Return to SIOR Pulse Blog

Dark Store Challenges Coming to a Community Near You?

Categories:
real estate retail Cities/Markets

One of the hottest topics in the world of commercial real estate has been the transformational impact that e-Commerce is having on how real estate is developed and utilized.  While the quest for same day delivery has driven an industrial real estate revolution, the retail apocalypse continues unabated. According to Coresight Research, there were 5,994 retail store closings through the first 15 weeks of 2019 with projections now reaching 12,000 by year-end! With the avalanche of store closings, local communities are scrambling to understand the full impact of the rebalancing of the commercial property tax base, as well as the impact that “Dark Stores” will have on their fiscal health.

The state of Wisconsin has been enmeshed in the Dark Store problem over the past several years. A select group of large retailers have been leading the charge in leveraging existing state law to protest the assessed value of their property, despite the fact that their property is an ongoing business concern and not a Dark Store. Many states are currently experiencing the same challenges, but proposed legislative fixes to the problem have only exposed many unintended consequences for all commercial property owners.

In mid-2018, the Wisconsin Joint Legislative Council convened a study committee on Property Tax Assessment consisting of 12 members (six elected representatives and six public members) to review the Dark Store issue and create solutions for both the taxpayer and the community. I was fortunate enough to be selected as a public member to represent the commercial real estate industry and our committee was able to advance a set of recommendations that we hope will help shape constructive fixes for Wisconsin’s Dark Store problem.

 What is the Dark Store Problem?

The Wisconsin State Constitution enshrines that both residential and commercial properties must be assessed using the same standard, which is known as the “Uniformity Clause.” Valuation standards are guided by the Markarian Approach Hierarchy which encompasses three methods to determine value:

  1. Comparing the subject property to like properties that have sold (“comparables”)
  2. Investment income generating capabilities of the property; and
  3. replacement cost of the property to build.

The hierarchy upholds that in the absence of an actual sale of the property, comparables are usually the best evidence of what market value should be. While communities have labeled Dark Store a “loophole,” the assessment of large commercial properties can be rather difficult because many properties are special use in nature and unique to the current owner. There are limited comparables for an assessor to consider and the comparables usually sell at a much lower price as compared to the cost to build. This challenge has led to the wide gap in valuation opinions between taxpayer and community when a dispute arises.

Why were the 2017 Bills not passed?

 Legislative fixes were proposed in 2017, and while the bills attempted to codify what types of comparables could be used in the valuation process, establishing a market value for real estate is subjective by nature. Real estate professionals often have disagreements when considering what qualifies as a like kind comparable. Additionally, the aforementioned Uniformity Clause creates challenges in establishing comparable guidelines for a specific property class. The focus of the 2017 legislation was addressing the end symptom of the problem—the comparables—and not the root cause—the process.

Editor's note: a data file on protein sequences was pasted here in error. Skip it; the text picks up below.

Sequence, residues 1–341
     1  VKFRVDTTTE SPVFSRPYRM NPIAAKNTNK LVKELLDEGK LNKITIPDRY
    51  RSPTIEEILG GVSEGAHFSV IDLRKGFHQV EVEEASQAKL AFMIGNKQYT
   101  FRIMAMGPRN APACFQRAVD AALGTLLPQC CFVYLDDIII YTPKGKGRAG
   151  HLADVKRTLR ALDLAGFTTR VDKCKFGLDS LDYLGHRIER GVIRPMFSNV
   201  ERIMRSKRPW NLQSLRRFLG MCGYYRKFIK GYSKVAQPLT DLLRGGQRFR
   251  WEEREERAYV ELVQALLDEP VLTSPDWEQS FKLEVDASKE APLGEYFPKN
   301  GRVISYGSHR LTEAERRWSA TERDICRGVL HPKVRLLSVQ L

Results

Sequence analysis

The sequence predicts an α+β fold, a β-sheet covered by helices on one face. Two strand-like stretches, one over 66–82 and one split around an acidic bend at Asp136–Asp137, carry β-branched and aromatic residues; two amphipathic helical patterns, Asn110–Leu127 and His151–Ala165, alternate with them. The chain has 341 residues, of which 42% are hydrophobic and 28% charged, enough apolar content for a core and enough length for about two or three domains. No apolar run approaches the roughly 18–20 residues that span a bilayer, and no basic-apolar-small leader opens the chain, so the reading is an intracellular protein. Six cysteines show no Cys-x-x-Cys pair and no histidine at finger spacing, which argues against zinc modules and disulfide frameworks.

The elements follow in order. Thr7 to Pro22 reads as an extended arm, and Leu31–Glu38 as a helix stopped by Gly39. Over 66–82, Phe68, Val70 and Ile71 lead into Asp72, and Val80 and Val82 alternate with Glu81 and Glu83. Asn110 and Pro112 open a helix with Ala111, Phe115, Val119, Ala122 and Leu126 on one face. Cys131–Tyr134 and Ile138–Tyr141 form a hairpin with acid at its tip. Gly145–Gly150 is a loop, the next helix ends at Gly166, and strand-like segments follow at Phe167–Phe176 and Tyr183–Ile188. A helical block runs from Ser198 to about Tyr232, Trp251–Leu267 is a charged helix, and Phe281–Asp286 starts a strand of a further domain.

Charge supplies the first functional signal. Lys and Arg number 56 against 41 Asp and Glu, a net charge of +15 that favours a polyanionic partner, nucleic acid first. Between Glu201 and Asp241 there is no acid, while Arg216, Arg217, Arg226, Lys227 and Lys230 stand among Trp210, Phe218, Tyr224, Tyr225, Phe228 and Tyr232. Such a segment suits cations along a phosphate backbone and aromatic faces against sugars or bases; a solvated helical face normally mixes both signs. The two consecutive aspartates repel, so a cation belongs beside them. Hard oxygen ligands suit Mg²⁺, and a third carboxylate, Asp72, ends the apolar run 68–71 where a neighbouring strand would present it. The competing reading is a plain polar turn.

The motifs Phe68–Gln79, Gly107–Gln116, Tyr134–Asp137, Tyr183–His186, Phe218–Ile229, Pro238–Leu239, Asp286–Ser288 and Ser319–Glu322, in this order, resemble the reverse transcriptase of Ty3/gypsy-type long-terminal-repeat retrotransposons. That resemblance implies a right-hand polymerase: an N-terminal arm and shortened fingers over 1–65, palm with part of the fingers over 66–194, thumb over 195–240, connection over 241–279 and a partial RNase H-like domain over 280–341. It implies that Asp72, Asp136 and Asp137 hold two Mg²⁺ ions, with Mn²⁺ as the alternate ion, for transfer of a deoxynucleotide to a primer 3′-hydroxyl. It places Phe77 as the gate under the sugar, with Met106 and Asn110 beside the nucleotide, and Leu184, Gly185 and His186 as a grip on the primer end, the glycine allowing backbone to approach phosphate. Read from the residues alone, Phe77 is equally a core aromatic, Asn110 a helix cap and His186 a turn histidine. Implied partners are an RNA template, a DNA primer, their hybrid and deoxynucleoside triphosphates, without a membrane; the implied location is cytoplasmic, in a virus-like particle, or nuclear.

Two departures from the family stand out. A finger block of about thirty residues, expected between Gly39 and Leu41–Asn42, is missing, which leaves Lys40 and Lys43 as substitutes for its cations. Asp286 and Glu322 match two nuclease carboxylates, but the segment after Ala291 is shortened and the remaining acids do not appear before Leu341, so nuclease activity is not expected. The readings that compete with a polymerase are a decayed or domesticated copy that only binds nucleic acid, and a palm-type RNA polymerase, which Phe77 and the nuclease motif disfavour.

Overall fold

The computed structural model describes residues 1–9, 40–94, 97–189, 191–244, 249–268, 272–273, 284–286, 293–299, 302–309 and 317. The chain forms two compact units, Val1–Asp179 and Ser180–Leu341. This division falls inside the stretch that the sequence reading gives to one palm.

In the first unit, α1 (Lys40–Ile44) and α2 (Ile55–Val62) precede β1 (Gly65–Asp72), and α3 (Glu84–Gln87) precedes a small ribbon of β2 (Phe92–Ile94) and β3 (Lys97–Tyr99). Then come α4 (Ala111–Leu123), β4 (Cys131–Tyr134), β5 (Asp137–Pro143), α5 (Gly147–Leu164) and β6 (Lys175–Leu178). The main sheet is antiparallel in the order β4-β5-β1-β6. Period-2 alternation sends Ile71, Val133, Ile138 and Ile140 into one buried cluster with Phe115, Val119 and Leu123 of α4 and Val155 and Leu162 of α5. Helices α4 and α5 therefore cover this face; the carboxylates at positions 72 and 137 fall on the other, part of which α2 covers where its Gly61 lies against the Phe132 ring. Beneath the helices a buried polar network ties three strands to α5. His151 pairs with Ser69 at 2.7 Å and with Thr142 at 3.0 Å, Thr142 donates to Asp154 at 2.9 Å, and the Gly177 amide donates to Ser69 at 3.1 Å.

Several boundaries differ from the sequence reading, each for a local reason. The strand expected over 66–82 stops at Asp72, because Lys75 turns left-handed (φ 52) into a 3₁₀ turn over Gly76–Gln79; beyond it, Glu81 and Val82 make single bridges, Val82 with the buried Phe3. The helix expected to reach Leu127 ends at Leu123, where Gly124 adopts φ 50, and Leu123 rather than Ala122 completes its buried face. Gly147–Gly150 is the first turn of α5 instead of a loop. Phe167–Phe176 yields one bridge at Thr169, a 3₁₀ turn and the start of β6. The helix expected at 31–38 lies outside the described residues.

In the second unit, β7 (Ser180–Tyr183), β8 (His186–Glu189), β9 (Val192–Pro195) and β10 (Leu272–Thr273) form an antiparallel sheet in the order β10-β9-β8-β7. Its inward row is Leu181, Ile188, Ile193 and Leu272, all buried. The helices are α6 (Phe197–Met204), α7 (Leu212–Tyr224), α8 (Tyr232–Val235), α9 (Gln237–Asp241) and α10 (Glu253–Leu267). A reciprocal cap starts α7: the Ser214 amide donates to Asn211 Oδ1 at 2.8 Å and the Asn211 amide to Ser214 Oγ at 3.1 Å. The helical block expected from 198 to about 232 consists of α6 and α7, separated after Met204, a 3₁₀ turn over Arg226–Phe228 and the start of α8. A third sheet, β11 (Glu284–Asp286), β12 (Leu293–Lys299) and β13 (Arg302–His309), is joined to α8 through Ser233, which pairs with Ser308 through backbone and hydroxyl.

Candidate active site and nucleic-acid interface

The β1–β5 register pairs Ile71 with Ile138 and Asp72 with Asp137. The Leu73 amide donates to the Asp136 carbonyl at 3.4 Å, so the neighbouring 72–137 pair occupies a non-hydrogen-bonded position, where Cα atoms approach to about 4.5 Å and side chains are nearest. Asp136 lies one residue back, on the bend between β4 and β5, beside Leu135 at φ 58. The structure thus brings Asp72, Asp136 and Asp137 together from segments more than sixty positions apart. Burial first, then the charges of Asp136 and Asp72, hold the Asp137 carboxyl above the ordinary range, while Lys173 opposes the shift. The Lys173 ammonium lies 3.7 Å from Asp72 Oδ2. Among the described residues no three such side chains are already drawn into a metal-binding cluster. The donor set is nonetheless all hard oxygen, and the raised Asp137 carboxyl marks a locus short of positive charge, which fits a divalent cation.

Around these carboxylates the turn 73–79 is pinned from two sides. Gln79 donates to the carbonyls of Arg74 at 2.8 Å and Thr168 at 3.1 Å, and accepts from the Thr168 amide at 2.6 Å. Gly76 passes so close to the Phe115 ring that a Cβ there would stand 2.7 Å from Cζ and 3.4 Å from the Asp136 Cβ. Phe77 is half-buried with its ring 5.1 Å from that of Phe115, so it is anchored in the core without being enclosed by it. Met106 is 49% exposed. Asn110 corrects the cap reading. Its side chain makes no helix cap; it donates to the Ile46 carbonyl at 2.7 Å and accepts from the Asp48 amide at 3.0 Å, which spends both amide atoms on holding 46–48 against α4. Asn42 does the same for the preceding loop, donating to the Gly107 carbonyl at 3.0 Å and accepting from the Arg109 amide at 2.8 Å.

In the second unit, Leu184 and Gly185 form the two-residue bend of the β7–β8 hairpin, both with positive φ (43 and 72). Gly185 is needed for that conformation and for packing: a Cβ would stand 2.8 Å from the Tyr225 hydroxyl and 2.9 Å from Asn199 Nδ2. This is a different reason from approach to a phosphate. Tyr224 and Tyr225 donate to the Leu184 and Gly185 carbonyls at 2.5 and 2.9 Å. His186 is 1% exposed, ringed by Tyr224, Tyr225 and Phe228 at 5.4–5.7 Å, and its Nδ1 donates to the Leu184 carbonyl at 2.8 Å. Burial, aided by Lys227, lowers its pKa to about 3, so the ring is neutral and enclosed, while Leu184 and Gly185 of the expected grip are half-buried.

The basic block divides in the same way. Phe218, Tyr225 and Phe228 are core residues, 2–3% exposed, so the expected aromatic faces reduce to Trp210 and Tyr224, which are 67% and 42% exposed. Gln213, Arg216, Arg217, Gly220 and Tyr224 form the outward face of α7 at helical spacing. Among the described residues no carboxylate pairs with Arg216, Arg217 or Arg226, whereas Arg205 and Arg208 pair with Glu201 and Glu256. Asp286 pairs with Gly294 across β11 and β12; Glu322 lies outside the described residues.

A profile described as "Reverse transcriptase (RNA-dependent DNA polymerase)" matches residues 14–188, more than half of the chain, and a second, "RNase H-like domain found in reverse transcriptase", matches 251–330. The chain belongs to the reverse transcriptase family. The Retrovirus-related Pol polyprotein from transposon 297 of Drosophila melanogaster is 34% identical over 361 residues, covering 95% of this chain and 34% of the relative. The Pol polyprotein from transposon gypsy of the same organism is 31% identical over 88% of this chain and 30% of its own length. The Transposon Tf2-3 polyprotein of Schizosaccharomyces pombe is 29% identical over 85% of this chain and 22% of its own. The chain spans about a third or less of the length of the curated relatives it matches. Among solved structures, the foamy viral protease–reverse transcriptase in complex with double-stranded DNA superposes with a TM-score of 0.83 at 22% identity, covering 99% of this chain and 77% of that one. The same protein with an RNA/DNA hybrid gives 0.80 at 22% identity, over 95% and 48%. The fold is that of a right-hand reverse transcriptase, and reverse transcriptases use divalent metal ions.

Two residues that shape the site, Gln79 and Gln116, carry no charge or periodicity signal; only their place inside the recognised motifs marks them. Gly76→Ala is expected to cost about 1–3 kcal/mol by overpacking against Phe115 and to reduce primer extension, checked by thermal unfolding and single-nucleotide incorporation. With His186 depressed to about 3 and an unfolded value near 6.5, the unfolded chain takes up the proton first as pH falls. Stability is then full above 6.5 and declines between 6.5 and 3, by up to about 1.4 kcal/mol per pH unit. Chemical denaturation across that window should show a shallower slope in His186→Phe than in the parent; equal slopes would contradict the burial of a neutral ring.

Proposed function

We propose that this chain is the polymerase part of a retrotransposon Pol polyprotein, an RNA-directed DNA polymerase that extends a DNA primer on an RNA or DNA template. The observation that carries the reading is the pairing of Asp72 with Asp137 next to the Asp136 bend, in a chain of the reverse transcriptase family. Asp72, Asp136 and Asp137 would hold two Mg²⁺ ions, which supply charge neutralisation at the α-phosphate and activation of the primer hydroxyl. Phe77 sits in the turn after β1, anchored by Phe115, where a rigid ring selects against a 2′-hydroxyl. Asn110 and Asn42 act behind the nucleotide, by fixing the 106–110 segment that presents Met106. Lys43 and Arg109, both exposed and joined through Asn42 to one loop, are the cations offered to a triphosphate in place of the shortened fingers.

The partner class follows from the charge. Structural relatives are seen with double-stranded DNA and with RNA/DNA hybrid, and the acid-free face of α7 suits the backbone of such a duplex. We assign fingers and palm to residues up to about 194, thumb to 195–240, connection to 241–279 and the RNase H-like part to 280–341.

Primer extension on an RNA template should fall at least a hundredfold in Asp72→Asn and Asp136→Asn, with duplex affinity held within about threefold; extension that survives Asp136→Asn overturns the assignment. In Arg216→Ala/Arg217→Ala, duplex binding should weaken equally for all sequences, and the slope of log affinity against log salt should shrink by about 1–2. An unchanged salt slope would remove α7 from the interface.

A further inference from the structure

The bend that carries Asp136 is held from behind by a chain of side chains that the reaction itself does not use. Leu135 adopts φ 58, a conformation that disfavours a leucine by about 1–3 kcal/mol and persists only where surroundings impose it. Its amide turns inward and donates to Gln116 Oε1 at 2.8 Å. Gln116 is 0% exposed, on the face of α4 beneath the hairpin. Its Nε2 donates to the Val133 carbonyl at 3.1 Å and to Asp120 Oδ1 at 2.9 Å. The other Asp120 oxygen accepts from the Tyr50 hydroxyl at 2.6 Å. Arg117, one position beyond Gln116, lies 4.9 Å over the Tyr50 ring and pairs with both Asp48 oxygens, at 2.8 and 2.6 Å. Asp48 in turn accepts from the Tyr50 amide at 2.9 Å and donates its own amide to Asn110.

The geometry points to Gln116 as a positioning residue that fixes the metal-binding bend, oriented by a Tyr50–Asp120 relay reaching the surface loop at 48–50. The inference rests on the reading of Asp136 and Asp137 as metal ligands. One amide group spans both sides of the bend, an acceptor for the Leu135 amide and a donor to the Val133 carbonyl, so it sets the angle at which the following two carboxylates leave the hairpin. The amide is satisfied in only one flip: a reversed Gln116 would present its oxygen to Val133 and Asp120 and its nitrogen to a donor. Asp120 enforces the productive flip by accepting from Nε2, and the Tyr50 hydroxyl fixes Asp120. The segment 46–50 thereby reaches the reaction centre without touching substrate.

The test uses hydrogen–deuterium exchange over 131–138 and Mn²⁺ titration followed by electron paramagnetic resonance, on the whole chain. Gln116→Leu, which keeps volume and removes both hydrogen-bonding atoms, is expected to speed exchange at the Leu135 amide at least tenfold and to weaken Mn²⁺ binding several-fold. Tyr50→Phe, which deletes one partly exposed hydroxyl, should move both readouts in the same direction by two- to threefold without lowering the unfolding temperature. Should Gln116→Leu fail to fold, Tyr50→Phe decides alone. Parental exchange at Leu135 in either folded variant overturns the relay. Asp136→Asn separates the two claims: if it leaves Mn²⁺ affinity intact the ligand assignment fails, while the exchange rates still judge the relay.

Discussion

What are Proposed Solutions?

Following a six-month hearing process and extensive negotiations, the committee’s final recommendations targeted the following three areas of the assessment process:

  1. Better Information– Assessors will be able to request a much more detailed list of supporting data from the taxpayer who has filed a protest. If the taxpayer does not make a good faith effort to provide the information, the taxpayer may lose their right to protest. The upfront sharing of more complete data will assist in preventing sue and settle cases that are not supported by market-based facts.
  2. Get to Court Faster – Current law allows for a protest to be fought out in the courts for years. This creates uncertainty for both the community and the taxpayer. The recommendations of the committee will greatly reduce the amount of time needed to resolve a protest and can get cases in court within 90 days.
  3. More Support for Communities – Until now, communities have been tasked with defending a challenge by themselves—despite a county, school district, and technical college that all participate in the stream of tax revenue. Smaller communities in particular can face prolonged litigation in which legal fees erode community budgets. Proposed legislation will now allow for all four stakeholders to immediately join forces to defend their assessment. This mechanism will deliver immediate financial wherewithal to smaller communities that do not have the resources to engage in a prolonged dispute.

There are few traditions Americans value more than the ability to dispute what fair and equitable property taxation amounts to. We are hopeful that here in Wisconsin, the proposed fixes to the assessment process will deliver much greater certainty to both the taxpayer and the community when legitimate tax disputes arise.

Jeff J. Hoffman, SIOR, CCIM

Jeff J. Hoffman, SIOR, CCIM


Industrial Specialist
Principal, Cushman & Wakefield | The Boerke Company, Inc.
Phone: +1-414-203.3011
Website: www.boerke.com
View the complete SIOR profile| jhoffman@boerke.com